Clarification to This Article
The article about the Gaza Strip said that Israel "remains the occupying power under international law." The article should have noted that this is a disputed point.

As U.S. Abstains, U.N. Security Council Calls for Cease-Fire

Israel continues its military offensive against Hamas in the Gaza Strip as diplomats in Cairo suggest tentative progress in their efforts to reach a cease-fire.
By Griff Witte and Colum Lynch
Washington Post Foreign Service
Friday, January 9, 2009

JERUSALEM, Jan. 8-- The U.N. Security Council on Thursday adopted a resolution calling for a cease-fire in the Gaza Strip, hours after the United Nations announced it would suspend humanitarian aid deliveries in the territory, citing Israeli attacks on its facilities and personnel.

The 15-nation council adopted the resolution by a vote of 14 to 0. Secretary of State Condoleezza Rice cast the sole abstention but said the United States supports the text and objectives of the resolution.

The resolution demands an "immediate, durable and fully respected cease-fire, leading to the full withdrawal of Israeli forces from Gaza," U.S. and Arab officials said. It marked a sharp reversal by the Bush administration, which had refused to allow passage of a cease-fire resolution without binding assurances that Hamas would halt its rocket attacks against Israel.

Israeli officials, who vigorously opposed the passage of any U.N. resolution on the crisis, privately expressed reservations about the current text on the grounds that it failed to include a firm guarantee that Hamas would stop its rocket fire before Israel would have to halt its military operation, according to U.N. diplomats.

Israel's U.N. ambassador, Gabriela Shalev, did not say whether Israel would bring an immediate halt to its Gaza operation. But she said that Hamas bears responsibility for the situation and that any "durable" cease-fire requires "the total cessation of rocket fire and [arms] smuggling."

The resolution expresses "grave concern" over the "deepening humanitarian crisis" in Gaza and calls for more international aid and "unimpeded" distribution of food, fuel, medical treatment and other humanitarian assistance. The text makes no mention of Hamas's practice of launching missiles into Israel. Instead, it "condemns all violence and hostilities directed against civilians and all acts of terrorism."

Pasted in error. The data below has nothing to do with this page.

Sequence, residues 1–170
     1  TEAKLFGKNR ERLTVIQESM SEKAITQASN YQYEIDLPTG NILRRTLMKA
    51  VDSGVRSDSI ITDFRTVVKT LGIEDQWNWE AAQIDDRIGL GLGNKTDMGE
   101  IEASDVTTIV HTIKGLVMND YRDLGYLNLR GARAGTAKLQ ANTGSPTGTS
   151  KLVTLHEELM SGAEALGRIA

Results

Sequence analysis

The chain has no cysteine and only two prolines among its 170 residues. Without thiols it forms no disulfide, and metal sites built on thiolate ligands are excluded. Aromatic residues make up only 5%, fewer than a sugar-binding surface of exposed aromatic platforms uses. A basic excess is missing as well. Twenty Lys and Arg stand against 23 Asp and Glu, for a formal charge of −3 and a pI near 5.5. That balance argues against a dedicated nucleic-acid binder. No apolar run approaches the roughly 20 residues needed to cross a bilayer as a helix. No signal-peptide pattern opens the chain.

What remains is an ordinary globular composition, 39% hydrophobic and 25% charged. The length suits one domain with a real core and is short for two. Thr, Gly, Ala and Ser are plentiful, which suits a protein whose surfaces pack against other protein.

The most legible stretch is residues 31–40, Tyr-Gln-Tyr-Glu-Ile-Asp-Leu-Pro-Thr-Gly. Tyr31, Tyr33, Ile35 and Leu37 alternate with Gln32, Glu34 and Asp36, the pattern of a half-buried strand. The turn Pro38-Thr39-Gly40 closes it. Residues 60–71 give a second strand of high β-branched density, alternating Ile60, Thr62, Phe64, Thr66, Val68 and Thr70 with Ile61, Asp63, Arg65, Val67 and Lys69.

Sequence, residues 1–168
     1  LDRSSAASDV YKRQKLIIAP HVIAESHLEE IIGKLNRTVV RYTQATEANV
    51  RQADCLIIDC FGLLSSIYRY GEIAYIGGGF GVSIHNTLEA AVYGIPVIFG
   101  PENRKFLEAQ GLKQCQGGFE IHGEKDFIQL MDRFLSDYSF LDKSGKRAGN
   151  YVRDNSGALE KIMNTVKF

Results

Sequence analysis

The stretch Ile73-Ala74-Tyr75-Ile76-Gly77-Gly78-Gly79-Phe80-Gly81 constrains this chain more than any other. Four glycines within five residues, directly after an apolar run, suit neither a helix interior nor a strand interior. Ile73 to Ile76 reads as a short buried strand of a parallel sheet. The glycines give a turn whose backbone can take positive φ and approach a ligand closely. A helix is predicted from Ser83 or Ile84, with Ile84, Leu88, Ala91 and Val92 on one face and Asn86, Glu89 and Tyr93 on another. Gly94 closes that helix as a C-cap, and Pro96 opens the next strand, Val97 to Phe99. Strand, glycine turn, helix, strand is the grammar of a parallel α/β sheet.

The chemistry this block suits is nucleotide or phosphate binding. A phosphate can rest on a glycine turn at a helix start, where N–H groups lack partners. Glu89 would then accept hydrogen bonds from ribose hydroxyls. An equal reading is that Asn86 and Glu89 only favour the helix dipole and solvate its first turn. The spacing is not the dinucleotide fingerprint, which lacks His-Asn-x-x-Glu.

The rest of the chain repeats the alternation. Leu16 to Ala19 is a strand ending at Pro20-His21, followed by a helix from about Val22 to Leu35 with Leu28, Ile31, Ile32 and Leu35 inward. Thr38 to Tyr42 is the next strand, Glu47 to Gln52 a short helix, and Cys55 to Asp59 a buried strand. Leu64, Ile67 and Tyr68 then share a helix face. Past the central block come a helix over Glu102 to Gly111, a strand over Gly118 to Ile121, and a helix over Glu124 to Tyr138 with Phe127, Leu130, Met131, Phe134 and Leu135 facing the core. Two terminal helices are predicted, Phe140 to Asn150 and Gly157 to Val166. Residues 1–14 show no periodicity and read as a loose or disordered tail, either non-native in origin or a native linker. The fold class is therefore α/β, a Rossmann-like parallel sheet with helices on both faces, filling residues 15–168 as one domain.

After the vote, Rice said that the United States had abstained on the resolution because the council refused to allow a delay to permit an Egyptian-led mediation effort to broker a cease-fire. But, she said, "we decided that this resolution -- the text of which we support, the goals of which we support and the objectives of which we fully support -- should indeed be allowed to go forward."

The suspension of U.N. aid deliveries is likely to deepen the crisis in Gaza, where more than half of the territory's 1.5 million people live on food aid and where water, power, medical supplies and cooking gas are already in short supply. It also deepens a bitter standoff between the Israeli government, which continued to bombard Gaza with airstrikes Thursday, and humanitarian groups say Israel has made it impossible to distribute badly needed aid in the beleaguered territory.

"We are perfectly prepared to take responsible risks in this conflict zone," said John Ging, the U.N. Relief and Works Agency's top official in Gaza. But it is "totally and wholly unacceptable," he said, that Israeli forces are "firing at our workers."

Israel has denied the charge and says Hamas is responsible for obstructing aid.

Other aid organizations, including the International Committee of the Red Cross, said Thursday its officials would curtail their work in Gaza because of security concerns.

The Palestinian death toll stood at more than 760 Thursday, with more than 3,100 people injured, health officials in Gaza said. The United Nations has said a third or more are civilians.

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